Prospects for increasing Norwegian grain cultivation

Prospects for increasing Norwegian grain cultivation

This is Felleskjøpet Agri’s contribution to the parties to the agricultural negotiations.

The role of the grain market regulator is to provide the negotiating parties with a market assessment of food grains and feed grains. This was presented to the Norwegian Farmers Association and the Norwegian Farmers and Small Farmers Association today at the Agricultural Agreements Issues Council.

One of the growth opportunities

More food grains and more carbohydrates and proteins are needed for concentrates. At the same time, the focus should be on producing the right variety and quality.

Last year’s grain harvest in eastern Norway was great, and Velescubet believes that this year we will be self-sufficient in both rye and barley and oats for food.

– We still believe that reaching about 80 percent of the Norwegian wheat quota is possible this season, which is a new record. Felleskjøpet Agri and the joint value chain also aim to increase the production and consumption of Norwegian food wheat. Increased cultivation of food grains is one of the growth opportunities in Norwegian agriculture. The highest possible level of production is also the best preparation we can get, says Ann Jødahl Skuterud, Chairman of the Board at Felleskjøpet Agri.

Join the ambition of 90% of the Norwegian food grain

during Partnership for Grains and Plant Proteins The industry has set itself the goal of having 90% of Norway’s share of flour by 2030 and is working to occupy positions in a market that is severely challenged by imports. Felleskjøpet Agri is asking the parties to the agricultural negotiations to agree to the Food Grain Partnership’s ambition to cover 90% of Norway’s food grain.

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– To achieve this goal, there is a need to increase wheat production, so that the industry has enough raw materials to choose from to make a good flour mixture. Higher wheat production will also indirectly provide better access to forage wheat.

In last year’s agricultural settlement, they encountered very high international prices. Together with compensation through lower prices, this gave scope to increase the prices of Norwegian grain to the farmer in the agricultural settlement last year, without any particular risk of increasing imports in the short term. This has contributed to covering necessary costs and increasing incomes for Norwegian grain farmers.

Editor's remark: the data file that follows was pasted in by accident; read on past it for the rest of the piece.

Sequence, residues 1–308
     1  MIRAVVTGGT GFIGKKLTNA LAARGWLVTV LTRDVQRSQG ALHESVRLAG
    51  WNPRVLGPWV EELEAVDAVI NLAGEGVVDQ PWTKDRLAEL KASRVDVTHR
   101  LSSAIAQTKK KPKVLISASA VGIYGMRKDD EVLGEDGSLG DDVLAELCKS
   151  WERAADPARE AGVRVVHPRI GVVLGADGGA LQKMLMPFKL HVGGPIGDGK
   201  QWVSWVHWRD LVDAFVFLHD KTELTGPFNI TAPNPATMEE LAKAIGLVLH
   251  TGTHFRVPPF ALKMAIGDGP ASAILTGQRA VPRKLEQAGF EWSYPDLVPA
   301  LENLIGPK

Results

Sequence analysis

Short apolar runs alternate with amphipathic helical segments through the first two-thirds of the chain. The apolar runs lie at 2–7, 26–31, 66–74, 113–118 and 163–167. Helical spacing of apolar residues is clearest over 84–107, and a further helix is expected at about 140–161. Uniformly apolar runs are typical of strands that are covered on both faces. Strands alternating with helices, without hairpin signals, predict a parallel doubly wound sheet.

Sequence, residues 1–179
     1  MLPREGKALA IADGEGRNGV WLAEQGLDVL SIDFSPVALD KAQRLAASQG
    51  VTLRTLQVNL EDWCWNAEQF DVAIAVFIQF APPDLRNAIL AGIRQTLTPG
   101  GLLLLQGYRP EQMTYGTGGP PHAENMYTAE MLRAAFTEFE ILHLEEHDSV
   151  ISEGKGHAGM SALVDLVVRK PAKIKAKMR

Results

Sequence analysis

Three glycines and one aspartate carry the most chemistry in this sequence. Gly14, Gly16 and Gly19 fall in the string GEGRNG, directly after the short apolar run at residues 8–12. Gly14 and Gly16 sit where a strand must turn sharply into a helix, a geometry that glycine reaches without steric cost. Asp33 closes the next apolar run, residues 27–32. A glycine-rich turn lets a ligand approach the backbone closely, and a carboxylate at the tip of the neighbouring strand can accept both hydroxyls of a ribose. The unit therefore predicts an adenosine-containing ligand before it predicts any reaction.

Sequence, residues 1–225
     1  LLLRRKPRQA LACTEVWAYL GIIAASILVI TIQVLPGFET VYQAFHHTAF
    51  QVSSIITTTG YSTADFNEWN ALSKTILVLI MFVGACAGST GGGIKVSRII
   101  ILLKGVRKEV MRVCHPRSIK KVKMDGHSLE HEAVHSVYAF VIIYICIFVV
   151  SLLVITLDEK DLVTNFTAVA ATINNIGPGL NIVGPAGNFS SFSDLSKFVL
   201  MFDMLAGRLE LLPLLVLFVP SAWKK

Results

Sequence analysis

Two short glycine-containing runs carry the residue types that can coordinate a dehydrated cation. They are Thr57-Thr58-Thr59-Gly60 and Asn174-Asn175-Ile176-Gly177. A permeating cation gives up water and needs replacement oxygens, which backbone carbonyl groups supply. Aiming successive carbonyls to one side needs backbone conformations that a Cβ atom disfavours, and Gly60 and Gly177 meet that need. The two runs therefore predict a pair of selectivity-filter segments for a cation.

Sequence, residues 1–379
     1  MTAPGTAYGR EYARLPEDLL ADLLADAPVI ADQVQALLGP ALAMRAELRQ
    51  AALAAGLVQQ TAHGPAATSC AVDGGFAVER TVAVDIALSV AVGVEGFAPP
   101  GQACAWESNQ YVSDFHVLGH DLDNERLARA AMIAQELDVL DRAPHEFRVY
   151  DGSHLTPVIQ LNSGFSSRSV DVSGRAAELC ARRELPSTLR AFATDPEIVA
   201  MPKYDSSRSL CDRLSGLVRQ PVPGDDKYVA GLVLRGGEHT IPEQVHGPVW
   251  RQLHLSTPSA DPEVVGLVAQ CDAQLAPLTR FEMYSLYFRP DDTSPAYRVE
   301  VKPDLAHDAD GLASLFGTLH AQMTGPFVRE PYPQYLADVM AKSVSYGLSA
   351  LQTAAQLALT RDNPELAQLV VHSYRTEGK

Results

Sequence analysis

– Since last year’s negotiations, the world price of wheat has fallen by about NOK 1/kg, and the world price picture is still declining. Skutterud says any increase in the price target for food wheat now must be offset by a corresponding increase in price cuts or subsidies for food grains.

It fears that the lack of compensation risks significantly weakening the market opportunities for Norwegian food grains for the flour and bread industry. Felleskjøpet Agri’s chairman is also calling for the reintroduction of food grain subsidies, which were scrapped last year. This is the subsidy that goes to the Norwegian mills that use Norwegian grain. Last year, the subsidies were lifted due to the rise in global grain prices.

– Now, as I said, prices have fallen. With international grain prices falling, the absence of food grain subsidies will make imports of whole and semi-processed products more favorable. This means that the competitiveness of mills is decreasing. We are afraid to open the doors that create import lines, which, in turn, gain a foothold in the market and remain. We believe that grain subsidies must be reintroduced to ensure the use of Norwegian food grains, says Skotterode.

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In this year’s inputs, FKA will place special emphasis on promoting measures related to reducing emissions from soils, sequestering carbon, improving soil health and good agronomics leading to higher yields and better grain quality.

We are of the opinion that there is a yield gap in wheat and it should be incentivized to close this gap in a sustainable manner. The joint procurement process asks the parties to prioritize measures that increase yields, which also have positive climate and environmental benefits, referring in particular to drainage, catch crops, and crop rotation.

General priorities

These are Felleskjøpet’s overall priorities in its role as grain market regulator:

  • It must ensure the profitability of grain production
  • To promote local agriculture and ensure the diversity of Norwegian grain producers
  • To develop and create new market opportunities for Norwegian grain
  • To facilitate good agricultural practices that help ensure sustainable grain production

At the same time, Anne Goodall-Skotterode makes it clear that the income for agriculture must be increased.

– Our role in the negotiations is to provide a good assessment of the grain market. She says that it is the negotiations that should solve the income problem.

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Dalila Awolowo

Dalila Awolowo

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